Polyvinyl Chloride Resins
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Published: December 2011
Global PVC recovered from the recession in 2010 but not to the extent expected, as vinyl inventory supply chains had been only partially refilled by the beginning of 2011. Construction—the economic activity with the closest correlation to PVC sales—has also been slow to improve worldwide, based on business skittishness. In the United States, housing starts were up 6.7% in 2010 compared with 2009, after having declined on the order of 30% in 2008 compared with 2007. In fact, U.S. housing starts in 2009 fell to levels not seen since 1959. During 2008 and into 2009, home resales, another important indicator for PVC consumption, were also down to very low levels and as a result, the inventory of unsold homes remained near four million units through most of 2009.
In China, PVC consumption began to decline at the end of 2007 and carried on through 2008, registering a 9% decline. Improvement in this, the largest developing country, was a strong 16% in 2009, followed by another 16% in 2010 and continuing with an estimated growth of 6% in 2011. This contrasts with the United States and Canada, where the decline in PVC consumption was 33% in 2007–2009, improving only 1% in 2010, with another 2.5% expected in 2011. In Japan, consumption declined about 27–30% in 2007–2009 but surged 11.6% in 2010 only to fall an estimated 9% in 2011. As an example of the tepid nature of the recovery, in particular among developed countries, 2010 consumption finished only slightly ahead of that in 2006, four years earlier.
The following pie chart shows world consumption of PVC:
Over the next five years, expansions are planned mainly in areas that are currently large net importers of PVC—certain parts of Asia, the Middle East, Eastern Europe and South America. Africa and the Middle East will add capacity, with Iran adding the bulk of it by 2016. Asia will again add the majority (80%) of the world total, nearly all of it in China. While construction of some facilities will be delayed because of the world recession and dramatic slowdowns in the vinyl business caused by credit restrictions and the high uncertainty of the business, China will add significantly. China's buildup relates to its continued large investment in coal chemicals, including acetylene-based VCM production. The Middle East, in spite of its ultralow ethylene costs, is less attractive for vinyl chain investment compared with other ethylene derivatives, because of the need to export large quantities of caustic soda, which is coproduced with chlorine. On the other hand, the United States could be set to take advantage of its increasingly available shale-derived natural gas, which will keep costs for the U.S. chlor-alkali business globally attractive. Not only will the cost of U.S. ethylene—comprising 25% of the product—be the second lowest in the world, but the electricity-intensive chlor-alkali business will benefit from lower, natural gas–fed, power costs.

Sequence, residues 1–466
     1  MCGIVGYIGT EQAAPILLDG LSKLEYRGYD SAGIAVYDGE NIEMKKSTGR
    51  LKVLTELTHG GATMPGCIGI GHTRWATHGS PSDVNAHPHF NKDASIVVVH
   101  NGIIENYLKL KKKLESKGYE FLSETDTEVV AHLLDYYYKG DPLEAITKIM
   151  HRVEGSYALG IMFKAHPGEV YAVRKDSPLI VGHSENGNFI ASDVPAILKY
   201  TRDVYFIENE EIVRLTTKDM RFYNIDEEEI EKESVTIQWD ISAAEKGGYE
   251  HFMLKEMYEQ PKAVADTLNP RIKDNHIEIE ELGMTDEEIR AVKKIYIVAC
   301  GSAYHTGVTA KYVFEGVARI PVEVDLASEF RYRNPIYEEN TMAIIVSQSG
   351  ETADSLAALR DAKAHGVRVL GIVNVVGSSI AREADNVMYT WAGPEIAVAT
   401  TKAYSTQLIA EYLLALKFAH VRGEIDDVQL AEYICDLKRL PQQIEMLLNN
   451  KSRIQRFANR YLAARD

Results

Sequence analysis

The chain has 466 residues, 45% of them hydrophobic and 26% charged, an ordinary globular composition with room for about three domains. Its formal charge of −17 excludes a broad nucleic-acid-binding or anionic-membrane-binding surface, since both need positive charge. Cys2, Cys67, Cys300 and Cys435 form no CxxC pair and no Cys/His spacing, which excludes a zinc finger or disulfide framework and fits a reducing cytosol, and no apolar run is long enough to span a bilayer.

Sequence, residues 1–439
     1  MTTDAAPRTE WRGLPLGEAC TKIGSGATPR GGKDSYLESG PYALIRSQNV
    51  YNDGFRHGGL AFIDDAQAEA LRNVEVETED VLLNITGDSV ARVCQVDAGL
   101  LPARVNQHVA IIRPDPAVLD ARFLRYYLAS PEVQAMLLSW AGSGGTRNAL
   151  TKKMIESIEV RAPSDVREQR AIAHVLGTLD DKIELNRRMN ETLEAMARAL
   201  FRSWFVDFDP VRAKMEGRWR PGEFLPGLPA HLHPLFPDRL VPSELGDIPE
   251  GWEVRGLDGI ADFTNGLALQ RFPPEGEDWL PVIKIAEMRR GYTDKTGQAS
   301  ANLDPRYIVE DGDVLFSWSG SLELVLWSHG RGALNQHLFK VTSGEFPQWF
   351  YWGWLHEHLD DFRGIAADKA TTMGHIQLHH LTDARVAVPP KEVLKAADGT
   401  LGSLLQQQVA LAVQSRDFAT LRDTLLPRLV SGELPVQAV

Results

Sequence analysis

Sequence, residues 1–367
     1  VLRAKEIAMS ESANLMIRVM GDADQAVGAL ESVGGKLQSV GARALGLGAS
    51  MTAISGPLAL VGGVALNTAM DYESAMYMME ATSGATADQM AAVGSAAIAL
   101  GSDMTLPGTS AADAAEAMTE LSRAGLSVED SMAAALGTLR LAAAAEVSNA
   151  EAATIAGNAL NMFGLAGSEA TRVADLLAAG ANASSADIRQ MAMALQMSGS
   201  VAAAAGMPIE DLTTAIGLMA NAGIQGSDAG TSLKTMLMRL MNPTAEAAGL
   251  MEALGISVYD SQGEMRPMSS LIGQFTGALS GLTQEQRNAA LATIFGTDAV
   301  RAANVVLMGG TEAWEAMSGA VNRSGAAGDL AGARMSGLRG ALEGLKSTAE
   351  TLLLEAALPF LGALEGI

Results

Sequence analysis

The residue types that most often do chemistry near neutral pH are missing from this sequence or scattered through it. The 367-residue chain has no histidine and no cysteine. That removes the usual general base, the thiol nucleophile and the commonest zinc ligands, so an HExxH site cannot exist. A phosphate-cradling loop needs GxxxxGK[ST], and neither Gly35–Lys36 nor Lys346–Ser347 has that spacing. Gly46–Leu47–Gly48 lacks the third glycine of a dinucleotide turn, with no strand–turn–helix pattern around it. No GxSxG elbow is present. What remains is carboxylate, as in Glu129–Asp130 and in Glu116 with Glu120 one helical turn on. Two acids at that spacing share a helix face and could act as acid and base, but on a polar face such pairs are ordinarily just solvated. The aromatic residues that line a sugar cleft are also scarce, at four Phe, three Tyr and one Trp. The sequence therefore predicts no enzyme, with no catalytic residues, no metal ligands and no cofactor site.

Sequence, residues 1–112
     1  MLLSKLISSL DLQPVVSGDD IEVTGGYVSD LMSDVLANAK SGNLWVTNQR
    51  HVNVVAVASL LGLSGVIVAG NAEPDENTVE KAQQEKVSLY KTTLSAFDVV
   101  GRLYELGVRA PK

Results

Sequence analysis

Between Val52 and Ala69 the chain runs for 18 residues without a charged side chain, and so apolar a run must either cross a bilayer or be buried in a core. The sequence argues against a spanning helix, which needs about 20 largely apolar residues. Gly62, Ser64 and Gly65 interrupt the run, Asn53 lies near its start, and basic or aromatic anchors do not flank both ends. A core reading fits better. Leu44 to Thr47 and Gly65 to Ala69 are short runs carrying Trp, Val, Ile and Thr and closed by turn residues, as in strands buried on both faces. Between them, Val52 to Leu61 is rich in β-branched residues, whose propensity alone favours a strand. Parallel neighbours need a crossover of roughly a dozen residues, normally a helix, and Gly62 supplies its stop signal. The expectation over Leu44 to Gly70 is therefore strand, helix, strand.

PVC is the most versatile of all thermoplastics because of the variety of its end-use forming techniques. PVC can be converted either into rigid products of considerable strength and hardness or into a variety of flexible articles when compounded with plasticizers. Rigid applications account for 65% of total consumption and provide most of the growth opportunities.
PVC use is highly dependent on the construction market, as about 70% of its consumption worldwide is for pipe, fittings, siding, windows, fencing, electrical and other applications. Also, PVC has increasingly been used as a replacement for traditional construction materials such as wood and metals, so its growth trend has been above that of the overall construction industry. For instance, the share of PVC pipe and fittings increased from 40% of total PVC use in 2008 to 43% by 2010–2011. Once construction industries in mature industrialized countries improve from the severe recession, PVC demand should resume its strong growth for piping and fittings, especially for telecommunications and natural gas. In the developing world, PVC pipe will grow rapidly, particularly for infrastructure for drinking water, sewage and drainage.